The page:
Most investigators believe the catastrophe began with a breach in the left wing that allowed superheated gas, or plasma, to work its way inside. The hot gas then burned through sensor wiring and caused temperatures in the left landing gear wheel well to climb.
The breach may have been the result of damage from external tank debris that hit the wing during launch, impact by space debris during the mission or some other factor. Exactly where the breach occurred - at or near the left main landing gear wheel well or closer to the leading edge of the wing - is not yet known.
Earlier today, NASA has posted visible and infrared images of Columbia while it was still in orbit that were shot by a powerful Air Force telescope in Hawaii. But Columbia's open cargo bay is facing the camera in all of the images and no details of the underside of the ship can be seen.
In any case, engineers have not yet ruled out any "root cause" of the Columbia disaster. Investigators are running computer models to create "virtual" breaches at various points on the wing to come up with locations that at least explain the series of sensor failures and rising temperatures that were radioed to Earth before Columbia broke up.
But Hubbard cautioned that a simple answer might not be forthcoming.
"It's well known that accidents in complex systems often involve a chain of events," he said. "It's not often one single thing caused the whole accident. So this complex series of events needs to be evaluated together. For example, eventually we would like to see if you can couple the external tank shedding event with TPS sensitivities with the calculations that are being done by the aerodynamics folks.
"So what we're doing right now is trying to bound the events in the orbiter, we're trying to go from the town to the ballpark to the seat."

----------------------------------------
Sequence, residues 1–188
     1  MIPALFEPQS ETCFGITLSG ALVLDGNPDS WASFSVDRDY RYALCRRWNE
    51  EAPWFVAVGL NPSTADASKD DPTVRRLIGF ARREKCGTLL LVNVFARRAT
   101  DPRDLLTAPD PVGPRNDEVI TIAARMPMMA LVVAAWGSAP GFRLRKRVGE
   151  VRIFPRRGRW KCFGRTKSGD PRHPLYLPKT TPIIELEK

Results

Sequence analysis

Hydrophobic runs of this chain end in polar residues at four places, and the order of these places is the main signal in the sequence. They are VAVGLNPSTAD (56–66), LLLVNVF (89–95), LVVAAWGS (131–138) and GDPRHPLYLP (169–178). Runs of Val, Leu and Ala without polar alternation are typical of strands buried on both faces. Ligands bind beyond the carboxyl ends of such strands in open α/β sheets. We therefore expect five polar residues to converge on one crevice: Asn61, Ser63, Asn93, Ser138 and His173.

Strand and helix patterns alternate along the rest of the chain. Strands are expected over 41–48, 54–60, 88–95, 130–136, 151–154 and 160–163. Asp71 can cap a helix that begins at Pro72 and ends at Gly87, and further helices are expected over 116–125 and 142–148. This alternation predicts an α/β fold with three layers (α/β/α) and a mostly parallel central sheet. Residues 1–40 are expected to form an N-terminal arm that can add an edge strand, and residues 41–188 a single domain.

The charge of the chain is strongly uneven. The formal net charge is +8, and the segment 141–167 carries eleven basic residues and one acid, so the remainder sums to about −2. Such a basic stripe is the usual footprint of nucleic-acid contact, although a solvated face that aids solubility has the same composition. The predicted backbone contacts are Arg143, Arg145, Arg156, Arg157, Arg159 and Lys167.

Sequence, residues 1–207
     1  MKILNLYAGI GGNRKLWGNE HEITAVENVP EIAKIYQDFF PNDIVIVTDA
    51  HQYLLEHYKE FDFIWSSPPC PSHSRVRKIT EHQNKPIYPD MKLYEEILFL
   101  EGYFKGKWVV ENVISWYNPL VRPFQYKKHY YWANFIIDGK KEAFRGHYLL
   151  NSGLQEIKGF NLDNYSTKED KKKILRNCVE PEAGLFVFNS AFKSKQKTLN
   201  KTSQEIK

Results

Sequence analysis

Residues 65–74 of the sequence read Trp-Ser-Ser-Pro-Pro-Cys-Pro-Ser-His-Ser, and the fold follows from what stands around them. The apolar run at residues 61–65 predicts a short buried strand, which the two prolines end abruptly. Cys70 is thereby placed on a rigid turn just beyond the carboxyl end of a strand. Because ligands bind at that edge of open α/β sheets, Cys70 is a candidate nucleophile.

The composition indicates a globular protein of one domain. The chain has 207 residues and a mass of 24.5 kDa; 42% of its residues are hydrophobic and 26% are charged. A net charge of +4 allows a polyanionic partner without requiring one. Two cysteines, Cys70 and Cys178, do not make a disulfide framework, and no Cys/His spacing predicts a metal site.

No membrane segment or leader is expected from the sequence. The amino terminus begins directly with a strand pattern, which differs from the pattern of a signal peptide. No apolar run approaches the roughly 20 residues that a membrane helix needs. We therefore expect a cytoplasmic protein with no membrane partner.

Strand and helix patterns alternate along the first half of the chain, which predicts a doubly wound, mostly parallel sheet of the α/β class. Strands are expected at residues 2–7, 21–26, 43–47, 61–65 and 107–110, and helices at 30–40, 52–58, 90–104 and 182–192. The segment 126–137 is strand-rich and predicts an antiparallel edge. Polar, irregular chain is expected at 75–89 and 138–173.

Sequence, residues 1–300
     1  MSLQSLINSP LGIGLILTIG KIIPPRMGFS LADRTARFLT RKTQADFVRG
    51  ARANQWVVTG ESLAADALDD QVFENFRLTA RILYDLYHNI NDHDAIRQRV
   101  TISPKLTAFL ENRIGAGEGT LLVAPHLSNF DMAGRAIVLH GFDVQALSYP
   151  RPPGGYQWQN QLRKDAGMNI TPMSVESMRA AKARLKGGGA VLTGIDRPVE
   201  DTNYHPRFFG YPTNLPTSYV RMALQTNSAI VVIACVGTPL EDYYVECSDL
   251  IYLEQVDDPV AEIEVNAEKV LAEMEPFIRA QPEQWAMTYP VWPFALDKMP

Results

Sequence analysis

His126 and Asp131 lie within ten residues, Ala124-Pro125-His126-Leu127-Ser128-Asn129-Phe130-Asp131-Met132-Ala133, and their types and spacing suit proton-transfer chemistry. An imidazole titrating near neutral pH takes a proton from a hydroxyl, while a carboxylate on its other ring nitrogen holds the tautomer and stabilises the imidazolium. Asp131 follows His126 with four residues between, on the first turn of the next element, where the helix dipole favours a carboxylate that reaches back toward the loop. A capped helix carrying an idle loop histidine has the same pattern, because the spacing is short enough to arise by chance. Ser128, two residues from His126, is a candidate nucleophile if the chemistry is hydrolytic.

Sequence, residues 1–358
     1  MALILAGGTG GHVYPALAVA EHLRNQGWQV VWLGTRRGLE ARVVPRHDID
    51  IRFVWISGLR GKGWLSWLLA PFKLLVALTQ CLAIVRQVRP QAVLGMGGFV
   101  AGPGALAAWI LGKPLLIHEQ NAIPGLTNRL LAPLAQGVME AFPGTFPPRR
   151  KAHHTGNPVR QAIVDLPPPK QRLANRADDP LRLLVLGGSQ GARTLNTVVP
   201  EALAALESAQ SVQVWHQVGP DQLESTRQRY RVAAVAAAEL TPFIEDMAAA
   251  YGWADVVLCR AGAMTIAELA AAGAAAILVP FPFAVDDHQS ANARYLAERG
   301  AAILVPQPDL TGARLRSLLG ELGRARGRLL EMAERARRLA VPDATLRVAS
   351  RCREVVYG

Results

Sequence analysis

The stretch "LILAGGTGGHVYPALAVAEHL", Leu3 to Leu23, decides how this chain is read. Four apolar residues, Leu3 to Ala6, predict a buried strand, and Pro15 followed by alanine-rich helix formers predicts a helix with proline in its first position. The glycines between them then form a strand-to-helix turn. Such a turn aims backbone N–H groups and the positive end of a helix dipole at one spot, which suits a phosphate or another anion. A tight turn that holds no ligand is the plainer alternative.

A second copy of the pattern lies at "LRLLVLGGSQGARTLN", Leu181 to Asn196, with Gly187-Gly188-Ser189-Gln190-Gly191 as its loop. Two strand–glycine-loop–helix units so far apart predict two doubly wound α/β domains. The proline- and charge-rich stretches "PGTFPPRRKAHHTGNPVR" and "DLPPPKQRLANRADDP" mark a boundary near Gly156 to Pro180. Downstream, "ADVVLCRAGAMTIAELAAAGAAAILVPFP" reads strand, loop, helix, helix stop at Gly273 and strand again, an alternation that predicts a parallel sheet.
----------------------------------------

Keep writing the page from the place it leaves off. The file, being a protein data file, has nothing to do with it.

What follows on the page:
He then provided three examples to illustrate the difficulty of "bounding the event."
"We did a hypothetical study of a 20-square-inch breach in the wing, 4 by 5 (inches), near the main landing gear door or the seal, that seems to account for the temperature rise," he said. "But this is a first cut with an initial set of assumptions. Figuring out what might happen to a plume going inside a wing is a very complex task. It's a good first step, but we don't have an answer there yet.
"Secondly, the sensor data that we've all looked at, the rise in temperature, the sensors going off line, seems to be consistent with wires going through the wheel well being severed. But there is a sensor near the front of the spacecraft that also had an anomaly. How do you account for that? Again, it's a little early to conclude we have a complete story.
"And finally, some initial aerodynamic analysis seems to indicate there was some disturbance going on in the vicinity of the left main landing gear wheel well, but eight different calculations all gave somewhat different answers.
"So the story I'm trying to communicate to you is it's early yet to draw conclusions that we have boxed this story in, that we really have bounded the event. We're making good progress, we need to validate the data interpretations with analysis of debris, experimental tests and in selected cases with independent calculations and perhaps independent tests. We need to look at the system."
As of today, Gehman said, 8,110 pieces of confirmed shuttle debris have been found, representing a bit more than 10 percent of the orbiter by weight.
In a final bit of news from today's briefing, it was reported that investigators studying Air Force radar tracking tapes made during Columbia's mission clearly show a small object measuring about .3 by .4 meters separated from the shuttle on the second day of the flight. The object later re-entered the atmosphere on its own. CBS News reported this "event" on Feb. 7, but it is still not known what it might have been or whether it played any role in the ensuing catastrophe.